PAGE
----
Posted in Rife

What is Love?

I guess you could say I’m pretty counterculture. Queer, trans, poly: I stopped living by societal norms quite a while ago. I’ve talked about this before, about how beginning to question some of the expectations placed upon us can lead to questioning all of them. There’s a certain narrative about life that we’re sold, and it always leads –  me to think of the caricature of the middle-aged straight married couple who just h a t e each other. They’ve done everything by the book, and they’re just absolutely miserable.

That was never the life I wanted for myself, so I started asking questions.

Sometime in the past year or so, a question came into my psyche that I hadn’t considered before: What is love? (Are you singing along? …Yeah, me either…..)

Now, okay, bear with me. I know it sounds a little basic. We’re getting there. 

It came about through circumstance. Ali and I were discussing the difference between platonic and romantic relationships, and she admitted she wasn’t sure for her that there was one. This was a totally novel idea to me at the time; yet again, I encountered an assumption I’d carried: that these were two separate feelings. She pointed out how we often want to take care of our friends in the same way we want to care for our partners, how they become a part of our family.

It took me some time to find the security I needed to begin teasing out what this meant for me and for us. I asked myself if the line of demarcation between platonic and romantic feelings was something real and inherent, or a facade passed down onto me. What, if anything, separated the two for me? And if they are different, what makes them so?

They say the secret to a successful marriage is to marry your best friend. And though a marriage is marked by a much looser set of physical boundaries, many of the same emotional tendencies are still there: if they are sick, would you not care for them? If they are sad, would you not console them? If they are hungry, would you not feed them?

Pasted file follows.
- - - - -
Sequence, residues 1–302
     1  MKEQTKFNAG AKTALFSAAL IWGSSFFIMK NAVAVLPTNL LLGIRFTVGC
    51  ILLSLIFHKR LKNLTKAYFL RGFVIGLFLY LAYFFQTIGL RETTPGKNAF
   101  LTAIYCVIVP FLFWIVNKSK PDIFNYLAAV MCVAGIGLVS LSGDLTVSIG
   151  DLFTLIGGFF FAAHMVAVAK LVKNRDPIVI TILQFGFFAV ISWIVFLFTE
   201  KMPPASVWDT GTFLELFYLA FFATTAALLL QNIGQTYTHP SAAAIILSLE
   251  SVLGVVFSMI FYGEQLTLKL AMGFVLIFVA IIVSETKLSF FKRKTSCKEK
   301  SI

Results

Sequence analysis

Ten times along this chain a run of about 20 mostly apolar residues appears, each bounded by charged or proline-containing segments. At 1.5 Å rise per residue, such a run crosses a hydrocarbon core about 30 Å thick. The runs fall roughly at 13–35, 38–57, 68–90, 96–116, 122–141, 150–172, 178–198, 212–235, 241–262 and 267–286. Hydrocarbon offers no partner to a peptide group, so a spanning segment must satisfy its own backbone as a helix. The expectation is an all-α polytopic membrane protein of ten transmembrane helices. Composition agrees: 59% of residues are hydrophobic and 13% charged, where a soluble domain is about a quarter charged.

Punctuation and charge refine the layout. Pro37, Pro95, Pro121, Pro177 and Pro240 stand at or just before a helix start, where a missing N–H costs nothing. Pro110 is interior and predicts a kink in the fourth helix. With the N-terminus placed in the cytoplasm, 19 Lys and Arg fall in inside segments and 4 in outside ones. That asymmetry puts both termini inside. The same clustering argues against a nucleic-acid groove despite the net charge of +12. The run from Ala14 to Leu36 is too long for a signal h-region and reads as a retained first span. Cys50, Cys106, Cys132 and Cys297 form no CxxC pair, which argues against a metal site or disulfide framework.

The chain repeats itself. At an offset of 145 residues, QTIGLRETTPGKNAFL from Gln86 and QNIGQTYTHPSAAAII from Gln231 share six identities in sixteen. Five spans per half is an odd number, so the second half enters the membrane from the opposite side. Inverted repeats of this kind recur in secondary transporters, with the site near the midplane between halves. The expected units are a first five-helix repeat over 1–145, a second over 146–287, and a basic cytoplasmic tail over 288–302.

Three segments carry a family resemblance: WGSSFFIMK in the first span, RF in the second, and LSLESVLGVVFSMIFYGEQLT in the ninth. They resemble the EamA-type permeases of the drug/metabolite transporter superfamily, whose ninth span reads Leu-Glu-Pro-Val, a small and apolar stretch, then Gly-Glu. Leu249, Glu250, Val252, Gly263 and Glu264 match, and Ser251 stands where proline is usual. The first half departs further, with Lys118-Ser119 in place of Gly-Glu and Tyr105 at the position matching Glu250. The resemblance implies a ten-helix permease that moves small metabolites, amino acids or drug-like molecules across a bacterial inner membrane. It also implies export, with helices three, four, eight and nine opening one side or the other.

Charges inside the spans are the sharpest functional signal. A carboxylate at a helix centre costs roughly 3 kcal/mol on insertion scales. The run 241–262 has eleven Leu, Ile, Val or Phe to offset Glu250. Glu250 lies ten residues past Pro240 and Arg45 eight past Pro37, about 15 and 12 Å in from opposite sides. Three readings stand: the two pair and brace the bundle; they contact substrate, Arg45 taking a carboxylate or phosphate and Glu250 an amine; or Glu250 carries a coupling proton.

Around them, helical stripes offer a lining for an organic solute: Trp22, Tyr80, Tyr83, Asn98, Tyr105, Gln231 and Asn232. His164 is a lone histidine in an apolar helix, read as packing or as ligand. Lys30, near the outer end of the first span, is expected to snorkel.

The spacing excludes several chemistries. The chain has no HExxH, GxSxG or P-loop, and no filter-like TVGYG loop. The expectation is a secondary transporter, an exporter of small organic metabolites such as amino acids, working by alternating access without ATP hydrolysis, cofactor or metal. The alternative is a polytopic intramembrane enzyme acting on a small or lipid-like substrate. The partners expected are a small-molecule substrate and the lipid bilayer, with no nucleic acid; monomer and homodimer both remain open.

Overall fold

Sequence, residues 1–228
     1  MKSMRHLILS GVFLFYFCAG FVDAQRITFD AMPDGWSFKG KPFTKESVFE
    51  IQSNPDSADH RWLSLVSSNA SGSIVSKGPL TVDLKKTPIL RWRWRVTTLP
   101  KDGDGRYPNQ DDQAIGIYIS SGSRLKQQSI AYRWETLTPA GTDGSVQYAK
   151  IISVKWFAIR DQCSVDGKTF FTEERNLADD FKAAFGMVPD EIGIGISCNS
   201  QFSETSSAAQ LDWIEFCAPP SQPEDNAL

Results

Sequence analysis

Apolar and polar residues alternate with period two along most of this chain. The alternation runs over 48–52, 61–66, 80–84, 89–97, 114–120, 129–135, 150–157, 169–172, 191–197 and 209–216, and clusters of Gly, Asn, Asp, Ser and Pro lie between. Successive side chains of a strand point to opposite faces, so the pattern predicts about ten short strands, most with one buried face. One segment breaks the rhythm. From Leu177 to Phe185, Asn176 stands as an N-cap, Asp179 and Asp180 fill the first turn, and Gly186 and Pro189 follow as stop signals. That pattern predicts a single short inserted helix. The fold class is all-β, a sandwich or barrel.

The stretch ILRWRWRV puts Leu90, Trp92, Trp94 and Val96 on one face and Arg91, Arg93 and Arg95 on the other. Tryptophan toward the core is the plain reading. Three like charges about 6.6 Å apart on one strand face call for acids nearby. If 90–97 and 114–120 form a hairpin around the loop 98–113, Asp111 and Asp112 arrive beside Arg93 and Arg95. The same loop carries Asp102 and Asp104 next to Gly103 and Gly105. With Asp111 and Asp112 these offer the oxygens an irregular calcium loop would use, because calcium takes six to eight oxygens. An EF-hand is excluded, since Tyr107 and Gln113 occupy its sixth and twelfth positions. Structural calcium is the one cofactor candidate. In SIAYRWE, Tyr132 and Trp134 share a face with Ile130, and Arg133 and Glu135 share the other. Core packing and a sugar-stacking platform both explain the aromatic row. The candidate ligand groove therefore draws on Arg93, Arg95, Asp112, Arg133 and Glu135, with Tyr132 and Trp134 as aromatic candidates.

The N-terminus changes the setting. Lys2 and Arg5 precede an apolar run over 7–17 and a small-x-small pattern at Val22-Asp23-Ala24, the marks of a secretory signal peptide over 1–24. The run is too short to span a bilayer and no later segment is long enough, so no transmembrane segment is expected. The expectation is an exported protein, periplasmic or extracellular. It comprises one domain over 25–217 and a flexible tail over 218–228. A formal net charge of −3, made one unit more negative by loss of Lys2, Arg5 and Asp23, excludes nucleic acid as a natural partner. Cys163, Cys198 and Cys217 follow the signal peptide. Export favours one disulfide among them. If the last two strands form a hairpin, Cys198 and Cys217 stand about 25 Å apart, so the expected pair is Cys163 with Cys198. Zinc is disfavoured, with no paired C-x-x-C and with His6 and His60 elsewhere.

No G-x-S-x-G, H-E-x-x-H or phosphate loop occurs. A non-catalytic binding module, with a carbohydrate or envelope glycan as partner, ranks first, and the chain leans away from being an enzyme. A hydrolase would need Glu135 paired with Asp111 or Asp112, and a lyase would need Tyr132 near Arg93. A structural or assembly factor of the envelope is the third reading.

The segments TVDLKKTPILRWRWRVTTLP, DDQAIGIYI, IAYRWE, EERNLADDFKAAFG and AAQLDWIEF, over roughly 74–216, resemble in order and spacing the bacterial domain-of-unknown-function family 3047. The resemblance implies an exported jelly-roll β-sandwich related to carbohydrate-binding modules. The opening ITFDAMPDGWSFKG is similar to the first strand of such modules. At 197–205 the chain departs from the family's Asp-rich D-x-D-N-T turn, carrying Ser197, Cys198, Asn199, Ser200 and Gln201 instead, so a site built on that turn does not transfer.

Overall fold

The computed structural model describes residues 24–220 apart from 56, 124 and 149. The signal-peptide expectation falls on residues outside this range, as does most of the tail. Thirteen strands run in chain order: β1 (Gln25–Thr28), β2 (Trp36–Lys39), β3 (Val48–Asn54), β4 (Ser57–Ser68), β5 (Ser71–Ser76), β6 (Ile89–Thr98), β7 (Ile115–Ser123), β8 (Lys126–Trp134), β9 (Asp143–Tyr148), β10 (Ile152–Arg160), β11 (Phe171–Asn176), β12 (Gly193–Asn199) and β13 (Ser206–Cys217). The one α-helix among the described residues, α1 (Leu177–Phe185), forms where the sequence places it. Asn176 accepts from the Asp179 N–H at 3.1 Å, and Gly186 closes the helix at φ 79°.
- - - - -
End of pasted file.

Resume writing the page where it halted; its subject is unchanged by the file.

In a way, asking ourselves these questions helped lead Ali and I to polyamory and thus, to Adam. Polyamory doesn’t require you to label a relationship, but rather to simply respect the boundaries of everyone in it. Each relationship is unique, marked by different feelings and intimacies. It’s less about the question of whether or not friendships become romantic, and more about asking if this question matters at all. Labels become less and less relevant.

Ultimately, these are just people we love, and it doesn’t need to be any more complicated than that.

Posted in Ali

Welcome Home, Serenity

Well loves, it happened. We’ve got our bus home. 

But not without some bumps in the road (both literally and figuratively) of course.

She’s a 2000 Freightliner Bluebird and she’s the most beautiful damn bus you’ve ever laid your eyes on. 

We left at 6am to drive up to Indiana and after a very eventful morning, arrived at around 11. We only looked at one bus- it was love at first sight. At one point the guy who was selling her to us asked if I was caressing the bus, and the boys quickly responded with, “of course she is.” 

So Adam is the one who’s brave enough to drive this thing. We decide that we’re going to lead and he’s going to follow us home. Of course being the nervous wreck I am, I don’t take my eyes off of him for the first hour. We had to pull over at one point because a gauge was reading hot, but it turned out to just be a faulty gauge. Just needed to be tapped real good a couple times before the needle popped back up to normal.

Unfortunately it wasn’t that simple the second time we had to pull over.

I finally relax enough to look ahead at the road for a few minutes, then glance back to realize Serenity is not behind us. We kept waiting for cars to move around us (we were going 50 in a 70) to see if they had just fallen behind. Then came the text: “Guys, this is not good.”

Panic ensues. Adam FaceTimes us to show us the green liquid that has exploded all over the engine bay (bye bye coolant) and the radiator hose that is now inside out. Serenity is now stranded on the side of the highway, steaming, and we have no idea what to do.